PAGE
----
Project Summary: Rural counties do not necessarily include utility-scale solar in their zoning rules, which can cause delays and increase soft costs for solar developers. This project researches how rural communities in the Great Lakes region learn about and decide whether to zone for utility-scale solar. This project will also test various information dissemination strategies and study the impact of utility-scale solar on the economies of rural areas.

Yale University

Project Name: Patterns and Value of Co-Adoption of Solar and Related Energy Technologies
Location: New Haven, CT
DOE Award Amount: $1,600,000
Awardee Cost Share: $410,000
Principal Investigator: Kenneth Gillingham
Project Summary: This project will conduct two field trials to study the combined adoption of solar and other energy technologies, such as energy storage and electric vehicles. The field trial in Alaska will study the connection between energy efficiency audits and solar energy adoption. The field trial in Connecticut will study adoption patterns of residential solar and behind-the-meter energy storage and the value they add to the grid. The team will also examine the effect of this adoption on residential energy use and whether there is any change when electric vehicles are also involved.


AI Applications in Solar Energy with Emphasis on Machine Learning

“$7.3 million for 10 projects that use AI and machine learning to optimize operations and solar forecasting, improve situational awareness on the distribution system and behind the meter, and enable the integration of more solar generation.” Awardee details from the DOE:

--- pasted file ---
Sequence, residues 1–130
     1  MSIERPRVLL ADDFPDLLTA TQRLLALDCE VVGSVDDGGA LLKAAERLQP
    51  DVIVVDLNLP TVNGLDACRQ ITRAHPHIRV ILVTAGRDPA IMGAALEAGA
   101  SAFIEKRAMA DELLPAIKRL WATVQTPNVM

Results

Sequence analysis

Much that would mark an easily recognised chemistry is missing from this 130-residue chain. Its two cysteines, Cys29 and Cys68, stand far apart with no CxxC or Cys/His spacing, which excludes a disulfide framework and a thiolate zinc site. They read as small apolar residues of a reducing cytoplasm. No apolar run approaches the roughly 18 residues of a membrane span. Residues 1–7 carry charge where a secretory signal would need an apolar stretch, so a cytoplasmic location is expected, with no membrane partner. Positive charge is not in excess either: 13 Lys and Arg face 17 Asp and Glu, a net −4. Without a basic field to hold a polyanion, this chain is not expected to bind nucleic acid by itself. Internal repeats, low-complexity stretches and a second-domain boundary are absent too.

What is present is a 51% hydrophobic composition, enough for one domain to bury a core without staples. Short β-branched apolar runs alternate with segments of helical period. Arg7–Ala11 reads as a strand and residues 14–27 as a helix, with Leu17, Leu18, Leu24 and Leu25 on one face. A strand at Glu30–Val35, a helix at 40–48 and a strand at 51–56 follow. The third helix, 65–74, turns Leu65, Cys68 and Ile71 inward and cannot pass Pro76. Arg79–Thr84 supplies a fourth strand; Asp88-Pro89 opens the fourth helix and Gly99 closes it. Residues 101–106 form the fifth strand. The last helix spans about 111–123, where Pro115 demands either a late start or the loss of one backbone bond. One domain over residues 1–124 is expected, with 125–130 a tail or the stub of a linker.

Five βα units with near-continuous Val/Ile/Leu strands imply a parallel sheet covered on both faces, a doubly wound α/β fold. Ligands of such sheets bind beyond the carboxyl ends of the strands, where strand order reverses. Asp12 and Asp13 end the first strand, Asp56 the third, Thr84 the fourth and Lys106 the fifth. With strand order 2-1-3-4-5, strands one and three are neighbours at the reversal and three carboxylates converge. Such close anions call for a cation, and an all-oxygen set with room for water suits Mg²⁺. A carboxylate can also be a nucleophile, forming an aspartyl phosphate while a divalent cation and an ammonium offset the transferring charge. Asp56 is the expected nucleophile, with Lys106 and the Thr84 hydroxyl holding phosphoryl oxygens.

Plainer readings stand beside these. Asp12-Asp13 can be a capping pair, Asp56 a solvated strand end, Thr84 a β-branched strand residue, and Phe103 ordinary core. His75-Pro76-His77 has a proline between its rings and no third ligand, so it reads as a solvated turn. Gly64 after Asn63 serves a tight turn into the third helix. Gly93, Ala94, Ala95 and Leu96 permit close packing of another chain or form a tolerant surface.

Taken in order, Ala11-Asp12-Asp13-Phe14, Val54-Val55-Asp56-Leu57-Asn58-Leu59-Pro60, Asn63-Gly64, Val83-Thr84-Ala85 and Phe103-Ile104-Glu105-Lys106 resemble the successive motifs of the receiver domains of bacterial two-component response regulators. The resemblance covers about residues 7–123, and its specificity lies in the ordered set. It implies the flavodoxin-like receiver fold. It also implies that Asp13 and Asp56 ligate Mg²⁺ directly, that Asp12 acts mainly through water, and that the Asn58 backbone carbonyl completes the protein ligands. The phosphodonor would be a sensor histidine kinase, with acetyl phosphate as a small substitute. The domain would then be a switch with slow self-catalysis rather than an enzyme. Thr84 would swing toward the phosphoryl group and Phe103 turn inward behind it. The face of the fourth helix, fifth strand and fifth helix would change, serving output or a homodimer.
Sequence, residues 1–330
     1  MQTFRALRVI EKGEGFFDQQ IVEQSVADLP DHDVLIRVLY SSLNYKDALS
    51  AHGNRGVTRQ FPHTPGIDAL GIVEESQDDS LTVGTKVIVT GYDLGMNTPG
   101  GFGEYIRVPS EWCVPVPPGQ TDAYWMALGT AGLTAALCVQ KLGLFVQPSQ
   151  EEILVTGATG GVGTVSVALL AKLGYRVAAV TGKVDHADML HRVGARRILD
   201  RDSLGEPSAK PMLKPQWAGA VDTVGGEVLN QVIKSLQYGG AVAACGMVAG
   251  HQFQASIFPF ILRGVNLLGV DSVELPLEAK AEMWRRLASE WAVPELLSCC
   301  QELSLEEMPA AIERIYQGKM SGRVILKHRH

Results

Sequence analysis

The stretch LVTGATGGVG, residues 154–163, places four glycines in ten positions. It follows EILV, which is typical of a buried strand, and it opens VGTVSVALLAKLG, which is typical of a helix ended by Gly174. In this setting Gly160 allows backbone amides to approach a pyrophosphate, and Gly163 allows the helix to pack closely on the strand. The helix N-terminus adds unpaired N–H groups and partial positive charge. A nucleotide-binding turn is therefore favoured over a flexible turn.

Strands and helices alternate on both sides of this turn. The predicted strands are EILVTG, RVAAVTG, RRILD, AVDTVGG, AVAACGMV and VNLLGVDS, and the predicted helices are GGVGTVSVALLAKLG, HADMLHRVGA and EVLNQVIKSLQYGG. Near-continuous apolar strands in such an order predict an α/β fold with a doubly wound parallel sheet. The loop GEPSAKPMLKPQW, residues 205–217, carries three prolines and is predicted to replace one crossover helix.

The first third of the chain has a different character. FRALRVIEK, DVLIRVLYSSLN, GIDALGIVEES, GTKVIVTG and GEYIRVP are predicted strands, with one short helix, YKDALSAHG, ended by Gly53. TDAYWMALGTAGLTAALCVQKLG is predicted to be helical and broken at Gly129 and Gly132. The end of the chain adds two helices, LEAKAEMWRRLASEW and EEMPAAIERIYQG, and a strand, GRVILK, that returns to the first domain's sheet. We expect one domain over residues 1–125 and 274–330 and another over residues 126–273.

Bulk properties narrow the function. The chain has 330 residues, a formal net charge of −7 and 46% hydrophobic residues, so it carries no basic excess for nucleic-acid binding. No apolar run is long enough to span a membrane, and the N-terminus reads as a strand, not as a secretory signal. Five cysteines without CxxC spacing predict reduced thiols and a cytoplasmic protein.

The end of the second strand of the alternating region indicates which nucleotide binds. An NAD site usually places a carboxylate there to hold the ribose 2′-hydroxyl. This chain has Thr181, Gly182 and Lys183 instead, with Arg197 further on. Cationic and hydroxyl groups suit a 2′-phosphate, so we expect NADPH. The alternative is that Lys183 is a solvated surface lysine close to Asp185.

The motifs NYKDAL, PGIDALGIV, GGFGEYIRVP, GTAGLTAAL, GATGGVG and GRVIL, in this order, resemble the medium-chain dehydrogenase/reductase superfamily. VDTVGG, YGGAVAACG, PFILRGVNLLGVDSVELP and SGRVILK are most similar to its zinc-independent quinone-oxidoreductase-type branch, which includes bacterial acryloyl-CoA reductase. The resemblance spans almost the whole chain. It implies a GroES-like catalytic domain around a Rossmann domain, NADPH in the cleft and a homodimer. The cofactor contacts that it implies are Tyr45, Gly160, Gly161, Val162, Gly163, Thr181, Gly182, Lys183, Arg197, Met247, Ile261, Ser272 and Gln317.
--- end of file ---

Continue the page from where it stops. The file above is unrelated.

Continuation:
Arizona State University (1)

Project Name: Photovoltaic Plant Predictive Maintenance Optimization under Uncertainties Using Probabilistic Information Fusion
Location: Tempe, AZ
DOE Award Amount: $750,000
Awardee Cost Share: $380,000
Principal Investigator: Hao Yan
Project Summary: This project uses artificial intelligence and machine learning methods to develop algorithms that will optimize operation and maintenance of photovoltaic (PV) power plants by detecting and classifying anomalies, predicting failures, and scheduling maintenance activities. Predictive maintenance is important to maintain the long-term financial performance of solar PV plants and reduce downtime. Real-time monitoring data such as power output, temperature, and weather information can be used to identify the common fault class patterns using a hierarchical generative model and probabilistic information fusion framework in the sensor level and system level. This project will use the power plant operated at Arizona State University and Arizona Public Service as the case study to demonstrate the proposed technology for predictive maintenance.

Arizona State University (2)